In Support of Supersessionism

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In this article I offer a simple argument for the historic christian doctrine of supersessionism—the teaching that the Church (Jew and Gentile) has inherited the status as God's chosen people, and are spiritually living out the identity and promises made to ancient Israel. You may have heard of this doctrine by other labels, fulfillment theology or replacement theology. Let me first say that I do affirm a future restoration of the Jewish people. I believe the New Testament alludes to an eschatological revival among the Jewish people (Rom. 11:25—27) and I actively pray to that end. While scripture is not clear exactly how this will come about, one thing is certain, Jews will be saved by repentance and faith in the gospel of Jesus Christ. God’s only program of salvation is through His Son; there is no other name by which man can be saved.

Contemporary Challenges

Before we jump in, it seems right to recognize the unique challenges specific to our time when seeking to understand supersessionism. 

  1. Misrepresentation. Popular teachers often only highlight an extremist version of replacement theology that teaches that the Jewish people have been forever cut off and cast aside, with no future redemptive purpose. The more moderate view that I hold is actually consistent with many respected teachers throughout church history. From Augustine (Patrists era), to Jonathan Edwards (First Great Awakening), to contemporary teachers like John Piper, many theologians have affirmed both supersessionism and an eschatological restoration of the Jewish people. 
  2. Demonization. Another common challenge we face is that many modern teachers unnecessarily identify this historical christian doctrine with the very real evil of antisemitism. While the institutional church has been guilty of antisemitic sins (among many others over the centuries), I find it irresponsible to concretely associate supersessionism with antisemitism. It is possible to simultaneously affirm that unbelieving Israel has been cut off from God’s olive tree, believing Gentiles have been grafted in (Rom. 11:17–20) and maintain a true desire and prayer for the Jewish people to be saved (Rom. 10:1). Paul held those beliefs in tandem and he lived free of antisemitism. 

When popular teachers make these kinds of broad-brush claims, they produce church cultures that lack charity in theological discourse, practice straw-manning, and maintain a general unwillingness to study other views. This is not the way.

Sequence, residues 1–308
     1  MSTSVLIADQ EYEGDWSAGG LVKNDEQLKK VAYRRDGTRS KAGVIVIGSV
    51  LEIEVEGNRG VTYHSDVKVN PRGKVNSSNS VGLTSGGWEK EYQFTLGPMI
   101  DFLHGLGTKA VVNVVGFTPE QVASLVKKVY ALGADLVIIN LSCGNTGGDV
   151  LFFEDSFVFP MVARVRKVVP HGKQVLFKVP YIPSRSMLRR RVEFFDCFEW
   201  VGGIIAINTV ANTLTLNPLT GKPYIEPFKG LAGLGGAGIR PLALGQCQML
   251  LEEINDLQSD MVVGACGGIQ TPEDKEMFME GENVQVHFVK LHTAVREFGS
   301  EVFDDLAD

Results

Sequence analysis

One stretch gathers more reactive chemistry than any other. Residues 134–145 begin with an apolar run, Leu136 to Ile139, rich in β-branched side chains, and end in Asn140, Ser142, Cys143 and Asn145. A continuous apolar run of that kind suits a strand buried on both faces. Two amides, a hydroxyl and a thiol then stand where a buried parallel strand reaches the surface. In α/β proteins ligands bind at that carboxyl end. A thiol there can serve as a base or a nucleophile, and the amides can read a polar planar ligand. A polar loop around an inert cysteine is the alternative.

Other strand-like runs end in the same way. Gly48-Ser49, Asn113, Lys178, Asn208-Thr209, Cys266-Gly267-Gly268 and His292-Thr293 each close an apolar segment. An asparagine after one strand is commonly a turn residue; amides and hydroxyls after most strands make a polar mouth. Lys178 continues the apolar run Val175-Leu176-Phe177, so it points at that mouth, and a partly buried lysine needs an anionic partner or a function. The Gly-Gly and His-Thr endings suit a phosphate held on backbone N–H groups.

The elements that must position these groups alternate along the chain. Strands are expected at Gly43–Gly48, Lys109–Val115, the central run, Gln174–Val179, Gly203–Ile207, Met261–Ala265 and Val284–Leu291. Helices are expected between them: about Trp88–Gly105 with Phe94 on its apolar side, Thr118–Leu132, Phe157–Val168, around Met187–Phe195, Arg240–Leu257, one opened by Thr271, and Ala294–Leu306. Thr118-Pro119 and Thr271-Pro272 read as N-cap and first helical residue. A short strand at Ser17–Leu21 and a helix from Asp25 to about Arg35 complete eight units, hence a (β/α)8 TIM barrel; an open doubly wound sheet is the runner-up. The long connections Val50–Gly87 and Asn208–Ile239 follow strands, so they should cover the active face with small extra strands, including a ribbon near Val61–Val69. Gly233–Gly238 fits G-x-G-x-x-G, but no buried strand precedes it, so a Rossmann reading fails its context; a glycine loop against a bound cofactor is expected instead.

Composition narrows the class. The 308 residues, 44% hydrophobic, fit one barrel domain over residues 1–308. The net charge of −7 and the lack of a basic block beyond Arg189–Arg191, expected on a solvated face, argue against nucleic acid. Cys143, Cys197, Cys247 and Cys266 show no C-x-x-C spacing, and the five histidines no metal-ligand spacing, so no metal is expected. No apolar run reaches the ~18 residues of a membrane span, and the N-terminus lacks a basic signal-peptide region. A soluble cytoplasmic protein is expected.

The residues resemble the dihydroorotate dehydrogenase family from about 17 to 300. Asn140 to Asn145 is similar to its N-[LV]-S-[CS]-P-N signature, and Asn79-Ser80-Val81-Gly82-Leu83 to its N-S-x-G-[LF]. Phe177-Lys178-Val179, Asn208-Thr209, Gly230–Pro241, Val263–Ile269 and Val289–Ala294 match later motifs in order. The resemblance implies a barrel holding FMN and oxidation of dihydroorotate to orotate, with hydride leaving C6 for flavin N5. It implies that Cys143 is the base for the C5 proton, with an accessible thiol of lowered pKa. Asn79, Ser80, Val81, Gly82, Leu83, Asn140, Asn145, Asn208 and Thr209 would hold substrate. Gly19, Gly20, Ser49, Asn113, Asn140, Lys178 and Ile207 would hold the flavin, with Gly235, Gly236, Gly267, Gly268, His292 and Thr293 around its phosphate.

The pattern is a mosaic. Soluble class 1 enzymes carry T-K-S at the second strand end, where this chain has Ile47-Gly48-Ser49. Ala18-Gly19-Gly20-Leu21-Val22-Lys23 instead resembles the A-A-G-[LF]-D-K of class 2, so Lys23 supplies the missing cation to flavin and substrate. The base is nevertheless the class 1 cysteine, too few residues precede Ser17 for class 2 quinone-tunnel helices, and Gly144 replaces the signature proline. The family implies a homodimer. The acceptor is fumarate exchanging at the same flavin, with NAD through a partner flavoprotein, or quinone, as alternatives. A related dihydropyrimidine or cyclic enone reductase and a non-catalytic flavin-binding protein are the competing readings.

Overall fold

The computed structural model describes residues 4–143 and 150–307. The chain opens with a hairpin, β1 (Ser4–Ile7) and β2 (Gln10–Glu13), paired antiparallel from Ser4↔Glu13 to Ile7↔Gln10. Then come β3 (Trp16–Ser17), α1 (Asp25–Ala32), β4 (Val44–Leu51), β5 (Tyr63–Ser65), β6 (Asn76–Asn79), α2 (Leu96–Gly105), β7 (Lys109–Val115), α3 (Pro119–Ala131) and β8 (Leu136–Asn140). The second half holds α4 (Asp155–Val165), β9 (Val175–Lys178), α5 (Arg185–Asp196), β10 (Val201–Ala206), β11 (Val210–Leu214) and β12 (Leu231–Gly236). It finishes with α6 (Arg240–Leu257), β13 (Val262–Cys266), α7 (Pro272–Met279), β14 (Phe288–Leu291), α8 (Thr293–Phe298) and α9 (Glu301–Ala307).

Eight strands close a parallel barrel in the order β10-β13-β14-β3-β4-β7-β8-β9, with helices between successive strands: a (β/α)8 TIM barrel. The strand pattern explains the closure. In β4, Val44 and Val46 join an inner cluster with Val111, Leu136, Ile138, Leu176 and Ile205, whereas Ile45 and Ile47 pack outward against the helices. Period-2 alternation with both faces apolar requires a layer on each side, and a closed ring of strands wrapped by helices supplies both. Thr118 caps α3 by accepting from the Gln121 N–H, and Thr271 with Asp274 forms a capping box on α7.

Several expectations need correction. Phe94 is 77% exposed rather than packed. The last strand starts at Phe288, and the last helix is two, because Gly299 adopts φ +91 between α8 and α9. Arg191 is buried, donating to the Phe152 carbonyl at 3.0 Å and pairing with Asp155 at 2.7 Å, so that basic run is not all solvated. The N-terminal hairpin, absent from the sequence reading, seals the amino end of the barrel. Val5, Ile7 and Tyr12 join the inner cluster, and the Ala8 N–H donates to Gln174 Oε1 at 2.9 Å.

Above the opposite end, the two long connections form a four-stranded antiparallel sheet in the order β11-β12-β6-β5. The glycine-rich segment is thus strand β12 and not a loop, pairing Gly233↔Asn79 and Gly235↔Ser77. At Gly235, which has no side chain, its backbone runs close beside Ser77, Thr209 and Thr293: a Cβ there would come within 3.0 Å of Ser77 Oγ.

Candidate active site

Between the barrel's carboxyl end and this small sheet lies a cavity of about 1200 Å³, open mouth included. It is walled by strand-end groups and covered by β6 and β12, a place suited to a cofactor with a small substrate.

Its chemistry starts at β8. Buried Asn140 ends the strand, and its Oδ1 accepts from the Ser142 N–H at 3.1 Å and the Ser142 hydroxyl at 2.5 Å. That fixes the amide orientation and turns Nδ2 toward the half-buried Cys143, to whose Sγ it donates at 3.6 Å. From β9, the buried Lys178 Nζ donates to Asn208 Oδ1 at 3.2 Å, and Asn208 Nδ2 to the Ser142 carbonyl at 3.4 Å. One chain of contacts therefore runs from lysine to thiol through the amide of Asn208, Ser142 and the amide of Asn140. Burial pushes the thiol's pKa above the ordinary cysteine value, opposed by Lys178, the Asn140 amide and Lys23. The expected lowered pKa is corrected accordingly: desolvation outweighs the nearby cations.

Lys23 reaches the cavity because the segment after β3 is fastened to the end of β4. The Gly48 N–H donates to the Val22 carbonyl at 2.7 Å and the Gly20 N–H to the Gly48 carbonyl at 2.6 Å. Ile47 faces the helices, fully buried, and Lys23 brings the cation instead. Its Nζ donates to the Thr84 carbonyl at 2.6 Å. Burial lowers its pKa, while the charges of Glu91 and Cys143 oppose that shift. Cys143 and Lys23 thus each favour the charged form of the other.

It is vital that we maintain christian virtue in our practice of christian theology. It’s in that spirit that I wish to continue.

The Basic Argument

I argue that Paul’s olive tree language (Rom. 11:17–20) of unbelieving Jews cut off and believing Gentiles grafted in is best understood in light of other clear New Testament teaching. Namely, Israel’s rejection of Messiah, her subsequent judgment, and the New Testament pattern of applying the identity, calling and promises of historic Israel to the Church. When the centerpiece of Paul’s Israelology (Rom. 9–11) is read in light of these teachings it is reasonable to conclude that unbelieving Israel has been superseded by the Church, True Israel. 

Israel’s Rejection of Messiah & Judgment

The gravity of Israel’s rejection of Messianic fulfillment is portrayed in the gospels. Eschatological judgment was promised to cities who rejected kingdom ministry (Matt. 11:20–24). Woes were pronounced to religious leaders who rejected Messiah (Matt. 23:1–33). The temple would be torn down (Matt. 24:1–2) and Jerusalem would be left desolate (Matt. 23:37–39). The record of history shows that the early Christians believed the Fall of Jerusalem (A.D. 70) was in fact the sign of God’s judgment against Israel for her rejection of Messianic fulfillment.

In the heat of His passion week, Jesus gave this prophecy concerning unbelieving Israel, 

Therefore I tell you, the kingdom of God will be taken away from you and given to a people producing its fruits (Matt. 21:43).